There’s Still A Lot Of Work To Be Done In The Fight Against Hunger
By Sam P.K. Collins
The world’s malnourished population has declined in the last few years, according to a recent United Nations report, but much work remains to be done to strengthen food security globally.
According to the report, compiled by the United Nations’ Food and Agriculture Organization (FAO), the proportion of the malnourished fell by nearly two percentage points in the last four years. The report also stated that living conditions have also improved in some parts of Asia and Africa — home to seven of the 10 fastest-growing economies in the world.
While the new figures bring the FAO a bit closer to meeting its 2015 goal of cutting global hunger in half, the agency acknowledged that poor infrastructures and abnormally high rates of poverty in parts of world may stunt efforts to increase access to food to those who need it most.
“Access to food has improved fast and significantly in countries that have experienced rapid overall economic progress, notably in eastern and south-eastern Asia,” the report said. “Access is still a challenge in sub-Saharan Africa, where income growth has been sluggish, poverty rates have remained high and rural infrastructure remains limited.”
Key causes of hunger, according the FAO’s sister organization the World Food Programme (WFP), include poverty, lack of investment in agriculture, natural disasters, war and displacement, unstable markets, and food waste.
A combination of these factors creates food insecurity, defined as the condition of not having food readily available. United Nations officials coined the term in 1974 at the World Food Conference in the midst of an ongoing famine in Bangladesh. That year, U.S. Secretary of State Henry Kissinger declared that within 10 years of the gathering, no child would go hungry.
That goal never came to fruition, unfortunately. Hunger still persists in pockets of the world today, even with more than enough food available to feed 7 billion people. Food insecurity continues to ravish entire communities. According to data collected by WFP, malnourished women often give birth to smaller babies and die earlier than their healthier counterparts. Levels of infant mortality increase in places with low food security. Msalnourished children also don’t stand a chance against chronic diarrhea that dehydrates the body.
Even the United States — a country that has stood on the forefront on the global movement against hunger — grapples with issues of food insecurity and malnutrition. According to the U.S. Department of Agriculture, more than 14 percent of American households, many of which are located within minority urban enclaves and rural areas, experienced stints of food insecurity in 2013.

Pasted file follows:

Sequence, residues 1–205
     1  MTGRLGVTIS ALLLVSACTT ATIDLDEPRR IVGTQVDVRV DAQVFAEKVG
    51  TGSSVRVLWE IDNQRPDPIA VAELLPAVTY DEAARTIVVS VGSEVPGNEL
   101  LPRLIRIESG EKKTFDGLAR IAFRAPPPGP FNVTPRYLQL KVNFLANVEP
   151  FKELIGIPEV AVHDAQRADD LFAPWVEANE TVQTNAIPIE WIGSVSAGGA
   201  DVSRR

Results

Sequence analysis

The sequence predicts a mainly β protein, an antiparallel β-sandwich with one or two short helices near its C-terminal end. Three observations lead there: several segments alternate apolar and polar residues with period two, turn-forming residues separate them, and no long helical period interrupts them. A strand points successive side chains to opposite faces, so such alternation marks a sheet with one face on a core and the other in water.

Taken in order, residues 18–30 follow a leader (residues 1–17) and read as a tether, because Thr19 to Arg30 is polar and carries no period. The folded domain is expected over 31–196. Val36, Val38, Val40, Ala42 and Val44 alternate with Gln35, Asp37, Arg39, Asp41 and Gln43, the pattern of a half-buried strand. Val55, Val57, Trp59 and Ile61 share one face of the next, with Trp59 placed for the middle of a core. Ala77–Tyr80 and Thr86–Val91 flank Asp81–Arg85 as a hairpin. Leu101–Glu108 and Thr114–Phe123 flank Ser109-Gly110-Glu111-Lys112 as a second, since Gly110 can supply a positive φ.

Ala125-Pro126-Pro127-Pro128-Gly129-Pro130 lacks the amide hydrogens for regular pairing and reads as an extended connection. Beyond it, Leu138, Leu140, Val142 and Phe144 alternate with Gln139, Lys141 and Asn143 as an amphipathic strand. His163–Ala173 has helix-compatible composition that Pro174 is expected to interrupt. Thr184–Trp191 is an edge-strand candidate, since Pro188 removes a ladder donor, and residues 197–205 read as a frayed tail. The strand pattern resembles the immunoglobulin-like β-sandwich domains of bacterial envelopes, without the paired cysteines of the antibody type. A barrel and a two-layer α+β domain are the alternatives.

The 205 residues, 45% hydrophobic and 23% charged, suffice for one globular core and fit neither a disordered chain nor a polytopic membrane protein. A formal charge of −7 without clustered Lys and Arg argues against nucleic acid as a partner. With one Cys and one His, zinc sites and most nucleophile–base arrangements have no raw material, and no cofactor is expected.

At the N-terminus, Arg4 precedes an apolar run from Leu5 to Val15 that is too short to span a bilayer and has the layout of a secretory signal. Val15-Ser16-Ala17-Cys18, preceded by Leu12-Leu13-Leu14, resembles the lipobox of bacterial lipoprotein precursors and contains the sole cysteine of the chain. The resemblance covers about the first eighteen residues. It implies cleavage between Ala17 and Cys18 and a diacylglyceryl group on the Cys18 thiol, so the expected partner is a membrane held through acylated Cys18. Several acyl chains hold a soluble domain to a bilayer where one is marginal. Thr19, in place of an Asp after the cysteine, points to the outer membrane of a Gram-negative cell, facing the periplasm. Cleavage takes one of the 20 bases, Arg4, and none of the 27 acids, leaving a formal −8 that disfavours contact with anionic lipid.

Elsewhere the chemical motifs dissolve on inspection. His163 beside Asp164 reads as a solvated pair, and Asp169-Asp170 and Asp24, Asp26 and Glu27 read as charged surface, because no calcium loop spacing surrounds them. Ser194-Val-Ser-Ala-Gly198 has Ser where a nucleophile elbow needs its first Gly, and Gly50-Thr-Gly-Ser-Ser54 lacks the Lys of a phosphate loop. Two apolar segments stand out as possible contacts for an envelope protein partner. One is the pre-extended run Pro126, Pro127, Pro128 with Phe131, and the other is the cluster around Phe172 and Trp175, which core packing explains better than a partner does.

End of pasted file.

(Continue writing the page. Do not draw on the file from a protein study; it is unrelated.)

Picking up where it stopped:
Previous research suggests that even though food security and poverty aren’t necessarily one in the same, a connection exists between hunger and a host of factors — including unemployment, low household assets, and location with inadequate access to food.
According to a 2013 report, states with the highest rates of food insecurity — including Mississippi, Arkansas, Alabama, North Carolina, and Missouri — line the southern poverty belt, a region whose residents suffer from chronic diseases at disproportionate rates. Even with Supplemental Nutrition Assistance Program (SNAP) benefits, a spending gap of 30 percentage points still exists between secure and insecure households.
In the years following the 2008 recession, the face of the hungry has changed to include members of America’s college-educated, middle class. A report released in August showed that one in seven people — nearly 47 Americans — now depend on local aid programs for food. That group includes the working poor, recent college graduates and military families.
Maura Daly, a spokeswoman for Feeding America, the country’s largest domestic hunger-relief charity and sponsor of the aforementioned study, provided insight into the reality that hungry families often face during an interview with National Geographic last month.
“The people we are serving are forced to make very difficult choices on a daily basis between food and other basic needs, like keeping a roof over their head, turning the lights on, getting to and from work or their kids to school,” Daly said. “These are choices nobody in the wealthiest nation in the world should have to be making.”